Early and timely recognition, investigation and treatment of any lame animal are very much essential to limit pain, aid recovery and minimize any additional complication. Regular on farm mobility assessment is an very important step in resolving lameness issues. Lameness caused by foot lesions can be both infectious (digital dermatitis, foul) and non-infectious (sole hemorrhage, sole ulcers and white line disease) and this is important for farmers to identify the types of lesions present in order to prevent the causes which can be addressed.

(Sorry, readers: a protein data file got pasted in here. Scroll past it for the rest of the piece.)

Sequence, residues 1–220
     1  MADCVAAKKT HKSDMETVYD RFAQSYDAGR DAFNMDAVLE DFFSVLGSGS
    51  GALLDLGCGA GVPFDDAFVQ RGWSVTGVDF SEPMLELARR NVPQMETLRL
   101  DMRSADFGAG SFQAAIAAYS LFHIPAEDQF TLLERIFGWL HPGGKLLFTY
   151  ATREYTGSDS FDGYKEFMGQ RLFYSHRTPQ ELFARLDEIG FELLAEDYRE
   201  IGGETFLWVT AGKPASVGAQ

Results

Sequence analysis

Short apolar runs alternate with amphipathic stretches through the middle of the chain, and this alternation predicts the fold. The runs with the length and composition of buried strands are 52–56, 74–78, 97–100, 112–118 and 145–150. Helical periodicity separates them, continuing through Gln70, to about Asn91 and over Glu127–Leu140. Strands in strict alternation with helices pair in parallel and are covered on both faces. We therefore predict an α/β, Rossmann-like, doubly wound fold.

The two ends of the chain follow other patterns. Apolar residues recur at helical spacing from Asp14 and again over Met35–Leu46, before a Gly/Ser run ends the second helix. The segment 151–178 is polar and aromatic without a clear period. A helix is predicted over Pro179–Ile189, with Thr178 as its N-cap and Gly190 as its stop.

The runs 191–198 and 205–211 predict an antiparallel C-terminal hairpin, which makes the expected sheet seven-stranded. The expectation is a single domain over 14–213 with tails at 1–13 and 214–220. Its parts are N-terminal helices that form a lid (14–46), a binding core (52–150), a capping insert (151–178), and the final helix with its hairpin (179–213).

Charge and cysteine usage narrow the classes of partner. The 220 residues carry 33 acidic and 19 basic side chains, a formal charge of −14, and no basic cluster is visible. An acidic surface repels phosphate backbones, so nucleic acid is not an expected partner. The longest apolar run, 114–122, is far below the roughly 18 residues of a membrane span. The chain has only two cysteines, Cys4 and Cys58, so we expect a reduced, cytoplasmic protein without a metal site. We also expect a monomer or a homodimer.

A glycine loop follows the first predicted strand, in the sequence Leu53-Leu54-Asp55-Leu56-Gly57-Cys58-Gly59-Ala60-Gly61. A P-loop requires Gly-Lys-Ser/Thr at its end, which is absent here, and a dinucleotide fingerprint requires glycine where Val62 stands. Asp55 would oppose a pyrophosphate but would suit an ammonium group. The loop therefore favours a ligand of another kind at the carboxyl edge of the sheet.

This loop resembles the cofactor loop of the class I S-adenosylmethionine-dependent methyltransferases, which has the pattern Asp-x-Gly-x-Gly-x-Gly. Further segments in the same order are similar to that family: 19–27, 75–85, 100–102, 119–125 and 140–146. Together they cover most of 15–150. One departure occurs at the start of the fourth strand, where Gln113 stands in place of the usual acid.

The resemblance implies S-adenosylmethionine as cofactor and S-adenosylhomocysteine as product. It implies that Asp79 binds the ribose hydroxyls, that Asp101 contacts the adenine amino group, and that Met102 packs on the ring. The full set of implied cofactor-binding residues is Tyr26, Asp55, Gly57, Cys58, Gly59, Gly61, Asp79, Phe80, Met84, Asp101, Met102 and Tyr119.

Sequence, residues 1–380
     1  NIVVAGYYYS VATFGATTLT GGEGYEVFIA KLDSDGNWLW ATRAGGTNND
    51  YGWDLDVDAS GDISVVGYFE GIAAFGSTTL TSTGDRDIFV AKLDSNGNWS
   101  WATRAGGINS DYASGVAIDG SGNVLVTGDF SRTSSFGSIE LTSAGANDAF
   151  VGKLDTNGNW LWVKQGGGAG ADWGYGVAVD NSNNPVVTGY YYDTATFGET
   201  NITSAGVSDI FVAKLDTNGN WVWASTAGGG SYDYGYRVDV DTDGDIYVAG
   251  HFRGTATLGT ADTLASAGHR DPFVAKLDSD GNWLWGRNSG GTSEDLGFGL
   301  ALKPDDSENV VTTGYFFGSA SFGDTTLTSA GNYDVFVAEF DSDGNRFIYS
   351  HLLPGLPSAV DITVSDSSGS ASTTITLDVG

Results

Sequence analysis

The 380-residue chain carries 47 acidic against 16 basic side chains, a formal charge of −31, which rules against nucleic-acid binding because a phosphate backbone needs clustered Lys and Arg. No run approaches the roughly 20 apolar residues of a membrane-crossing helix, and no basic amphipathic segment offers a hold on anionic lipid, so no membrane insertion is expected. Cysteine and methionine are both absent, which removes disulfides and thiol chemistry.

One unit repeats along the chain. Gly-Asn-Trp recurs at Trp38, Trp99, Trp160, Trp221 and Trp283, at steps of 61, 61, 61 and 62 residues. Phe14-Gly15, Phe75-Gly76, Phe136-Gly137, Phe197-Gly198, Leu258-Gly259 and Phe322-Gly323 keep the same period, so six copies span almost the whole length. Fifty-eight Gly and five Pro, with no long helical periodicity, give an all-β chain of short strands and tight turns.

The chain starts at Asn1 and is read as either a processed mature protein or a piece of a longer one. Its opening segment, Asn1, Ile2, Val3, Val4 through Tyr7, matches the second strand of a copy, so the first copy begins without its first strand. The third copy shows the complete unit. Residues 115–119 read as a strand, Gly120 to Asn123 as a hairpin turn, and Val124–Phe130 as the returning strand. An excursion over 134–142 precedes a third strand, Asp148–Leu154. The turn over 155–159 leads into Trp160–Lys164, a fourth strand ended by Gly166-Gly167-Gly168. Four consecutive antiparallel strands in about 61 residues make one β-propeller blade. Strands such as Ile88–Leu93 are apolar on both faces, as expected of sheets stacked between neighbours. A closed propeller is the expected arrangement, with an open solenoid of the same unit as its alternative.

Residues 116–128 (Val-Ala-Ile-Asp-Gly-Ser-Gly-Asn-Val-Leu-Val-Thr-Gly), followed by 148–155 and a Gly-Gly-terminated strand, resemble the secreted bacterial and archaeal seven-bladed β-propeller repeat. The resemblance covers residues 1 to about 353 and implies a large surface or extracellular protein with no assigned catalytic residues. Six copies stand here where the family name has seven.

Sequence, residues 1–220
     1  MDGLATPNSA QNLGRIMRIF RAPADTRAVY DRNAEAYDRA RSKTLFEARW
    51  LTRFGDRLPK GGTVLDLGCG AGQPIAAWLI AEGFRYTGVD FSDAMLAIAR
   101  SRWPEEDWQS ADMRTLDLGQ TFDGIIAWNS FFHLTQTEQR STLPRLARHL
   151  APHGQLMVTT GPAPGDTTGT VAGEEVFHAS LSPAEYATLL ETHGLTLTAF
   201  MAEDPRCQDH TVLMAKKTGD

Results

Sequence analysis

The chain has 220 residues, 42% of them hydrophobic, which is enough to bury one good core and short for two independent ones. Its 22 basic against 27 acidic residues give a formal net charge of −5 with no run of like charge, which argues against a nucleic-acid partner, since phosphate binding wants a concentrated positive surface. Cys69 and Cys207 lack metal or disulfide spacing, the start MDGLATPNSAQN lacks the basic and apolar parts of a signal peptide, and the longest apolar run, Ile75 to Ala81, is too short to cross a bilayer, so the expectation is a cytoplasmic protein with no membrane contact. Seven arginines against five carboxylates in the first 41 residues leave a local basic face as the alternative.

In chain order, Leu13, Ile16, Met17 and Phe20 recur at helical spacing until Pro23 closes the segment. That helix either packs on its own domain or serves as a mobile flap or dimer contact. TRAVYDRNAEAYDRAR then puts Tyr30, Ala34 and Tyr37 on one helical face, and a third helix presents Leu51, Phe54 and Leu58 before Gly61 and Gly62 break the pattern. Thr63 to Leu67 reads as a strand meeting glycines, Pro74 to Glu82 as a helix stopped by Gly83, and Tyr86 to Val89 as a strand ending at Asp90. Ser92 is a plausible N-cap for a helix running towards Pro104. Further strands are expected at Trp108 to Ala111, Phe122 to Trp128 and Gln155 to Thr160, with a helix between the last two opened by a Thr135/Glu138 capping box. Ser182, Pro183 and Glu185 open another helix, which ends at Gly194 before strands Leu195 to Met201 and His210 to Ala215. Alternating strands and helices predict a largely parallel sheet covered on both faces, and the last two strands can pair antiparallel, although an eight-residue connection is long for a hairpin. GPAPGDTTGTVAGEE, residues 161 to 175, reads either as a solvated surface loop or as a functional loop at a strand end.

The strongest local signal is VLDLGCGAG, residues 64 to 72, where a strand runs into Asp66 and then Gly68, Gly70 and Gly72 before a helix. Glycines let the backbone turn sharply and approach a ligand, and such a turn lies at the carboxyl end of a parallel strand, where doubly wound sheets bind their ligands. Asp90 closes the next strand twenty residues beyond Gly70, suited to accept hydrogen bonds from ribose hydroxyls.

Murali Krishnan
9447088234

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#279

Milk let down is the natural process for cows to remove milk from the udder. It is done with the release of oxytocin from a gland at the base of the brain following a stimulus which may be heard, seen or felt by them. All actions which might induce fear to the cows must be avoided at this stage. The average time needed to prepare the cow for milking and to start the let down process could be 60-90 seconds.  Give a short gap to start milking after the oxytocin release.

Murali krishnan



#280

Sir,
From where we can get this breeds .

Do they are compatible with all Indian conditions specially  in madhya pradesh  or extra care should be given to them.